Table 1

The effect of yohimbine, cocaine, and MK-801 of high- and low-impulsive rats on 5-CSRTT [correct latency, incorrect latency, reward latency, number of perseverative responses]

Drug/Response

Concentration (mg/kg)

Yohimbine

0

0.5

1

1.5

2

HI

 Correct latency (s)

0.675 ± 0.092

0.645 ± 0.092

0.637 ± 0.094

0.662 ± 0.118

0.714 ± 0.125

 Incorrect latency (s)

1.288 ± 0.456

1.301 ± 0.326

1.033 ± 0.189

0.944 ± 0.497*

1.364 ± 0.479

 Reward latency (s)

1.198 ± 0.148

1.545 ± 0.873

1.220 ± 0.243

1.282 ± 0.228

1.375 ± 0.158**

 Perseverative responses (n)

1.231 ± 1.092

3.462 ± 5.840

1.000 ± 1.414

1.538 ± 0.877

1.615 ± 1.557

LI

 Correct latency (s)

0.828 ± 0.163

0.751 ± 0.120

0.674 ± 0.090*

0.716 ± 0.122

0.704 ± 0.097*

 Incorrect latency (s)

2.008 ± 0.531

1.578 ± 0.435

1.245 ± 0.380*

1.383 ± 0.503

1.331 ± 0.340*

 Reward latency (s)

1.216 ± 0.100

1.313 ± 0.228

1.192 ± 0.073

1.197 ± 0.083

1.268 ± 0.112

 Perseverative responses (n)

1.333 ± 1.435

1.364 ± 1.367

1.500 ± 1.508

1.417 ± 1.165

1.083 ± 1.505

Cocaine

0

5

7.5

10

 

HI

 

 Correct latency (s)

0.645 ± 0.101

0.575 ± 0.104

0.563 ± 0.336

0.681 ± 0.334

 

 Incorrect latency (s)

1.372 ± 0.389

0.962 ± 0.390

1.095 ± 0.609

0.959 ± 0.722

 

 Reward latency (s)

1.365 ± 0.620

1.388 ± 0.344

1.238 ± 0.649

1.659 ± 0.851

 

 Perseverative responses (n)

1.846 ± 2.544

1.385 ± 1.609

2.000 ± 3.488

1.692 ± 2.323

 

LI

 

 Correct latency (s)

0.788 ± 0.146

0.692 ± 0.157

0.717 ± 0.173

0.454 ± 0.264**

 

 Incorrect latency (s)

1.904 ± 0.484

1.562 ± 0.437

1.229 ± 0.893

0.986 ± 0.707*

 

 Reward latency (s)

1.323 ± 0.162

1.562 ± 0.437

1.485 ± 0.404

1.331 ± 0.918

 

 Perseverative responses (n)

1.300 ± 1.337

1.100 ± 1.370

0.500 ± 1.269

0.700 ± 0.823

 

MK-801

0

0.01

0.03

0.1

 

HI

 

 Correct latency (s)

0.671 ± 0.082

0.591 ± 0.091

0.739 ± 0.150

0.753 ± 0.152

 

 Incorrect latency (s)

1.297 ± 0.461

1.203 ± 0.452

1.285 ± 0.225

1.856 ± 0.513*

 

 Reward latency (s)

1.193 ± 0.098

1.085 ± 0.142**

1.332 ± 0.442

1.641 ± 0.421**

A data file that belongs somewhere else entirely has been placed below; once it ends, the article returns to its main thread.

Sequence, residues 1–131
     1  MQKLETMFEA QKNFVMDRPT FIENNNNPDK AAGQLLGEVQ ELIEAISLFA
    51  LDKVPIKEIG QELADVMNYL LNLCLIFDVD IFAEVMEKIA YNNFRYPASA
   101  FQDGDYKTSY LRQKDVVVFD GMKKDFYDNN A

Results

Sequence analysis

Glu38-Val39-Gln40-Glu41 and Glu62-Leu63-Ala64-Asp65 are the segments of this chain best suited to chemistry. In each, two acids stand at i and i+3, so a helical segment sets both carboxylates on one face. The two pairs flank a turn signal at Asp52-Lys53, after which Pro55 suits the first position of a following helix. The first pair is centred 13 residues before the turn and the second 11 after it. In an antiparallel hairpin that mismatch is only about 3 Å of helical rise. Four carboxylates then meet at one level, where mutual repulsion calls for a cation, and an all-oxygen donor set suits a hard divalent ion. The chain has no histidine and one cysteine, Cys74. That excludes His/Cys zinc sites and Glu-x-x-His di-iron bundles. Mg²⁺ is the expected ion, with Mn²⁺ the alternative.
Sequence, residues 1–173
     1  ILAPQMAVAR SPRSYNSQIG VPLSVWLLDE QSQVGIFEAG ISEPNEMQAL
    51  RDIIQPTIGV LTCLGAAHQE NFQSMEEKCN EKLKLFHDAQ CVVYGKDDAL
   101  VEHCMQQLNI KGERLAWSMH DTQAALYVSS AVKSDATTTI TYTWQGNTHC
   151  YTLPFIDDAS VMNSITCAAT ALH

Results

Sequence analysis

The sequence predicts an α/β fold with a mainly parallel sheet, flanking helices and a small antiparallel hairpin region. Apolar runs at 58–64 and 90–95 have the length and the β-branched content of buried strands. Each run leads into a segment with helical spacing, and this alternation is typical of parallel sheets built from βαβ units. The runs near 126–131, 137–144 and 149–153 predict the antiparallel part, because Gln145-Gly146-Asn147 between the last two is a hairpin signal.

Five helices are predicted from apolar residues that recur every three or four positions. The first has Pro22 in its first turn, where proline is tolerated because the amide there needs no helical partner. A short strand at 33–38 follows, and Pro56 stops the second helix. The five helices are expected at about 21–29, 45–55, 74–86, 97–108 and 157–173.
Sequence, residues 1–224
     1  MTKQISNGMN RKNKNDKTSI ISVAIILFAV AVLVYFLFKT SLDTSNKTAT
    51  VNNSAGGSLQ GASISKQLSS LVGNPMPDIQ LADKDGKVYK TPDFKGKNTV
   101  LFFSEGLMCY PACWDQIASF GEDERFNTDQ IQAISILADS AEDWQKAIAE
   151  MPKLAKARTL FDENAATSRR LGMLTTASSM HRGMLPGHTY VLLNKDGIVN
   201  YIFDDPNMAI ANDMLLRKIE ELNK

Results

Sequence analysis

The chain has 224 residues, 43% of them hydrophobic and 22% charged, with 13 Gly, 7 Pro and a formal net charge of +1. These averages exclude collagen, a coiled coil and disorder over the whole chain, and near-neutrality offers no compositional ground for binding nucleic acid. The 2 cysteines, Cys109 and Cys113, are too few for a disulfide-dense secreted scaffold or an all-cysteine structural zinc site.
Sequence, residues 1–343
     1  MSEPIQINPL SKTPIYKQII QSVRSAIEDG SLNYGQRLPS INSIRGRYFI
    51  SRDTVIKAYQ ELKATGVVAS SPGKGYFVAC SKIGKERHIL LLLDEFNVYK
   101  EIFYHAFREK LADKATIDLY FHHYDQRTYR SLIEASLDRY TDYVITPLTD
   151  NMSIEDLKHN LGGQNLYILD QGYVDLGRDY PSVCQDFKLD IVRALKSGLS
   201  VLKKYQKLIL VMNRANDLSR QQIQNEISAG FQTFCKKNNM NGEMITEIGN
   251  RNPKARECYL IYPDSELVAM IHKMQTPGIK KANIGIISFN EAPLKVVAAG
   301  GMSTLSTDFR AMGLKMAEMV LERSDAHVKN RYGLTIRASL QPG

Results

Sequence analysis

Perseverative responses (n)

2.667 ± 1.614

2.083 ± 2.503

3.000 ± 2.594

4.083 ± 3.579

 

LI

 

 Correct latency (s)

0.829 ± 0.119

0.674 ± 0.132**

0.730 ± 0.110

0.753 ± 0.314

 

 Incorrect latency (s)

1.969 ± 0.488

1.391 ± 0.543

1.379 ± 0.449*

1.810 ± 0.691

 

 Reward latency (s)

1.367 ± 0.346

1.144 ± 0.220**

1.207 ± 0.177

1.360 ± 0.572

 

 Perseverative responses (n)

1.556 ± 1.236

1.444 ± 1.590

3.222 ± 2.863

4.556 ± 2.744

 

5-CSRTT five-choice serial reaction time task, ANOVA analysis of variance, HI high impulsive, LI low impulsive, SD standard deviation

Values represent mean ± SD. Repeated measures ANOVA, Dunnett’s post-hoc test (*p < 0.05, **p < 0.01 versus vehicle control)

Effect of cocaine administration on 5-CSRTT performance in HI and LI rats

Following yohimbine administration, two low-impulsive rats were euthanized due to poor health status, resulting in n = 10 low-impulsive rats and n = 13 high-impulsive rats for subsequent drug testing. Cocaine produced a significant dose-dependent enhancement of impulsivity, as reflected by an increase in premature responding (F(3,63) = 5.763, p = 0.005; Fig. 3a). Post-hoc tests revealed that all three doses of cocaine significantly increased premature responding compared with vehicle treatment (5 mg/kg, p < 0.01; 7.5 mg/kg, p < 0.01; 10 mg/kg, p < 0.05). However, no significant dose × group interaction was observed (F(3,63) = 0.473, p = 0.646; Fig. 3d). This was not accompanied by a decrease in accuracy (F(3,63) = 0.868, p = 0.462; Fig. 3c) or an increase in omissions (F(3,63) = 1.549, p = 0.211; Fig. 3c). Cocaine produced modest effects on response latencies and did not affect perseverative responses (Table 1).
Fig. 3

Effect of cocaine (n = 23) on a percentage premature responses, b percentage accuracy, and c percentage omissions. Panels df depict the results when the group is split into low (n = 10) and high (n = 13) impulsive subjects. Data are mean ± SD. Asterisks denote a significant difference between the doses indicated: **p < 0.01 and ***p < 0.001. HI high impulsive, LI low impulsive

Effect of MK-801 administration on 5-CSRTT performance in HI and LI rats

Following cocaine administration, a further low-impulsive rat and one high-impulsive rat were excluded due to their health status, resulting in n = 9 low-impulsive rats and n = 12 high-impulsive rats for subsequent drug testing. MK-801 produced a significant dose-dependent enhancement of impulsivity, as reflected by an increase in premature responding (F(3,57) = 6.092, p < 0.007; Fig. 4a). Post-hoc tests revealed that all three doses of MK-801 significantly increased premature responding compared with vehicle treatment (0.03 mg/kg, p < 0.01; 0.06 mg/kg, p < 0.01; 0.1 mg/kg, p < 0.05). However, no significant dose × group interaction was observed (F(3,57) = 0.73, p = 0.474; Fig. 4d). This was accompanied by a decrease in accuracy of performance (F(3,57) = 17.474, p < 0.001; Fig. 4b) and an increase in omissions (F(3,57) = 46.725, p < 0.001; Fig. 4c). As with premature responses, no significant dose × group interaction was observed for either behavioral measure (F(3,57) = 0.673, p = 0.491; F(3,57) = 0.154, p = 0.747; Fig. 4e, f). MK-801 produced modest effects on response latencies and did not affect perseverative responses (Table 1).